Progress Toward Achieving and Sustaining Maternal and Neonatal Tetanus Elimination — Worldwide, 2000–2020
Weekly / March 18, 2022 / 71(11);406–411
Florence A. Kanu, PhD1; Nasir Yusuf, MD2; Modibo Kassogue, MD3; Bilal Ahmed, MBBS3; Rania A. Tohme, MD1 (View author affiliations)View suggested citation
What is already known about this topic?
In 1999, the maternal and neonatal tetanus (MNT) initiative was relaunched to focus on 59 priority countries still at risk for maternal and neonatal tetanus.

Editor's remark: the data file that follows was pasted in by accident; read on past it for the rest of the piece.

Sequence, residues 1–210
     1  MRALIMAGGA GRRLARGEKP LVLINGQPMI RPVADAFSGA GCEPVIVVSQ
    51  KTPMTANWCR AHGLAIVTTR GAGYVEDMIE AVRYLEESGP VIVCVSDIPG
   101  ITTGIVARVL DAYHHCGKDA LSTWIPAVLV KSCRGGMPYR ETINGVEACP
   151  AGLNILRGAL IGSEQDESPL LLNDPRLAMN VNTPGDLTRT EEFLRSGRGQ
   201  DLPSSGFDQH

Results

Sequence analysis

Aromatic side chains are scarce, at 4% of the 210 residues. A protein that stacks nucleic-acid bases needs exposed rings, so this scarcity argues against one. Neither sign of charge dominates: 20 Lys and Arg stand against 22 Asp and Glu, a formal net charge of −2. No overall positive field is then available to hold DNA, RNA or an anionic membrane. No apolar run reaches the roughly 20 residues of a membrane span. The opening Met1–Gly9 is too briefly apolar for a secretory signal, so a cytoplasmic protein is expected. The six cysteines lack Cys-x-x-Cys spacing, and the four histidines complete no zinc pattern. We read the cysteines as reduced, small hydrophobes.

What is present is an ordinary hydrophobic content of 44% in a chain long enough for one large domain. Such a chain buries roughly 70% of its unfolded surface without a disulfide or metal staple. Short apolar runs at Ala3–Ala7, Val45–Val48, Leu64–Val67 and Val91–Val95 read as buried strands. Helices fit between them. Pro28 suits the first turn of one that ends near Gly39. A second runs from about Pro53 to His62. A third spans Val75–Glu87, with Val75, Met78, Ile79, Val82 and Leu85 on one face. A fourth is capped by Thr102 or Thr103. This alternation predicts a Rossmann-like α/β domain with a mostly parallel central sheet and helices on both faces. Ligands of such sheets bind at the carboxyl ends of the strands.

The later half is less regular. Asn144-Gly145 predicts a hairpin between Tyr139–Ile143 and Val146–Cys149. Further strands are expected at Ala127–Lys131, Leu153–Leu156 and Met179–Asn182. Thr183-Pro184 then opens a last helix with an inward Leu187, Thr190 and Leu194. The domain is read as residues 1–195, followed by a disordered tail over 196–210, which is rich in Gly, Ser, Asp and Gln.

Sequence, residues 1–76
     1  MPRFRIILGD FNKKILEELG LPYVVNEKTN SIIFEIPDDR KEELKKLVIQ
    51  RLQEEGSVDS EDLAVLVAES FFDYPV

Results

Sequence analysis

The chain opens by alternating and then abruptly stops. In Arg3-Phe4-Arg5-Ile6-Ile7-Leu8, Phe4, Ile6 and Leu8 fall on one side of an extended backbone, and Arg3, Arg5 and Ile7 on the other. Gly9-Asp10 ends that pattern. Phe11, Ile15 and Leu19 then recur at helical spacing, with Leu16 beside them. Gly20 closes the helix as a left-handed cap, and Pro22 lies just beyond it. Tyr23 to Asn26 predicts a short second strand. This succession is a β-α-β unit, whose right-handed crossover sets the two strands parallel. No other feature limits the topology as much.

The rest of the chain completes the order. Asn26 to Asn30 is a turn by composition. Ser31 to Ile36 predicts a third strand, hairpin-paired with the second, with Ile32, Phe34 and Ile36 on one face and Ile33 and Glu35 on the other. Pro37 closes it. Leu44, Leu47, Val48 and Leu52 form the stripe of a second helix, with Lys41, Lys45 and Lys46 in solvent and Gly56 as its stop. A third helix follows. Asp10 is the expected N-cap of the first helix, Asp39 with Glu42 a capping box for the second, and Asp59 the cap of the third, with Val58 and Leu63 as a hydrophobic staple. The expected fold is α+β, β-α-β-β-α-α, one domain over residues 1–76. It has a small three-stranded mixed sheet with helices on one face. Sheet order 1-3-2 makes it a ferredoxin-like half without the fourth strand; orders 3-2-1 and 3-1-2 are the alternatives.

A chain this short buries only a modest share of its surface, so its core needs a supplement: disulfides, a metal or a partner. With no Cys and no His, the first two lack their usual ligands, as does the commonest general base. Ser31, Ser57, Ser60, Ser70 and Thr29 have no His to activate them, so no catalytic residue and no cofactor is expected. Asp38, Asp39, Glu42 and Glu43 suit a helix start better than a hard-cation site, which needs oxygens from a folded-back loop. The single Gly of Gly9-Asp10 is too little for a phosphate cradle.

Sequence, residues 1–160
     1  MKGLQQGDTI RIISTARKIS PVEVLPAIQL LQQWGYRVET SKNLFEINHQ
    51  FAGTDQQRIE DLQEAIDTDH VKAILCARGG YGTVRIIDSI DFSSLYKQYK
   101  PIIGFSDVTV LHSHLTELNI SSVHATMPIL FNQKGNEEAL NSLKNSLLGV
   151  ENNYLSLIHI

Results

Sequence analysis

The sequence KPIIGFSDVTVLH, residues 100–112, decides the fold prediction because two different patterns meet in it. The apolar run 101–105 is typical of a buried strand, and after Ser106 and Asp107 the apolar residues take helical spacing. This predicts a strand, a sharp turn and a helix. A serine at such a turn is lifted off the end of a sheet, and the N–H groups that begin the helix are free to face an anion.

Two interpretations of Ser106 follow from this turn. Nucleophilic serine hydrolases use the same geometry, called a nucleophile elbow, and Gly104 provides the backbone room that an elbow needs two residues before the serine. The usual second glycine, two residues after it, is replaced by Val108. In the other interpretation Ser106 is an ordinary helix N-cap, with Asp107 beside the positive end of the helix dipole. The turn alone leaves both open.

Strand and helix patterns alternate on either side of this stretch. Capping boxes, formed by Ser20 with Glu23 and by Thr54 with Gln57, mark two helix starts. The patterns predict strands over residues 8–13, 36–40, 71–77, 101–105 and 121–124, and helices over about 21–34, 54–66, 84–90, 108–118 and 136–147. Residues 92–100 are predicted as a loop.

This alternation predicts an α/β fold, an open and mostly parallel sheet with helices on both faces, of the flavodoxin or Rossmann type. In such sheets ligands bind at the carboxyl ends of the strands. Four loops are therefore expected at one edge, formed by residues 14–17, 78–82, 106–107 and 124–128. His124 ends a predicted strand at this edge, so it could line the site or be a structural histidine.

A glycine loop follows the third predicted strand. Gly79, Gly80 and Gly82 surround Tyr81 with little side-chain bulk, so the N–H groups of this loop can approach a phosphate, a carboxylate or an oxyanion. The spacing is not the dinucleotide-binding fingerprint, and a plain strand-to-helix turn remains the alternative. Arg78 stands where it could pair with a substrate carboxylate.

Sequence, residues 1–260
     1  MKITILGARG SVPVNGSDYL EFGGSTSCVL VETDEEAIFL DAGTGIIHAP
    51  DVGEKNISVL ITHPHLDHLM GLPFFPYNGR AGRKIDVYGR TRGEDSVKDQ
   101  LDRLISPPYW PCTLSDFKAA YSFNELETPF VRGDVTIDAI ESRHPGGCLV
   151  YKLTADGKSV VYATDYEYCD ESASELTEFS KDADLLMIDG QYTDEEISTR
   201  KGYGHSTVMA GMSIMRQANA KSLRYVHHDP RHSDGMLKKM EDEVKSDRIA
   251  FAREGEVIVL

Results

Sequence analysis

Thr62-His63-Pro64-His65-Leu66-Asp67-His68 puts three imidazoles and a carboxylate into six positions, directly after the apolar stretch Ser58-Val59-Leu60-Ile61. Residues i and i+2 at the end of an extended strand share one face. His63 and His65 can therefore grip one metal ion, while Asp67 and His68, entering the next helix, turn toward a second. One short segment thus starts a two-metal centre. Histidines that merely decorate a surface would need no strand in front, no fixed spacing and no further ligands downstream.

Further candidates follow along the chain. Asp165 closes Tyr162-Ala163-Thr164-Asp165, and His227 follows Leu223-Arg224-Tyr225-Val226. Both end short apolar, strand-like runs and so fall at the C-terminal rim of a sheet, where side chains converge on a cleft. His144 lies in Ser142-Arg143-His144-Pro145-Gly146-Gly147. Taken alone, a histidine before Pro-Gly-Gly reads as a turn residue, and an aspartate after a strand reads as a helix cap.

What is added by this report?
During 2000–2020, 47 countries achieved elimination of MNT, reported neonatal tetanus cases decreased 88%, and estimated deaths declined 92%. Despite progress, 12 countries have not achieved elimination and are challenged by conflict, insecurity, and competing priorities. Other countries are struggling to maintain elimination.
What are the implications for public health practice?
To achieve MNT elimination in remaining priority countries and to maintain it globally, efforts are needed to enhance routine vaccination, integrate tetanus activities with other health activities, and promote a life-course vaccination approach for tetanus protection.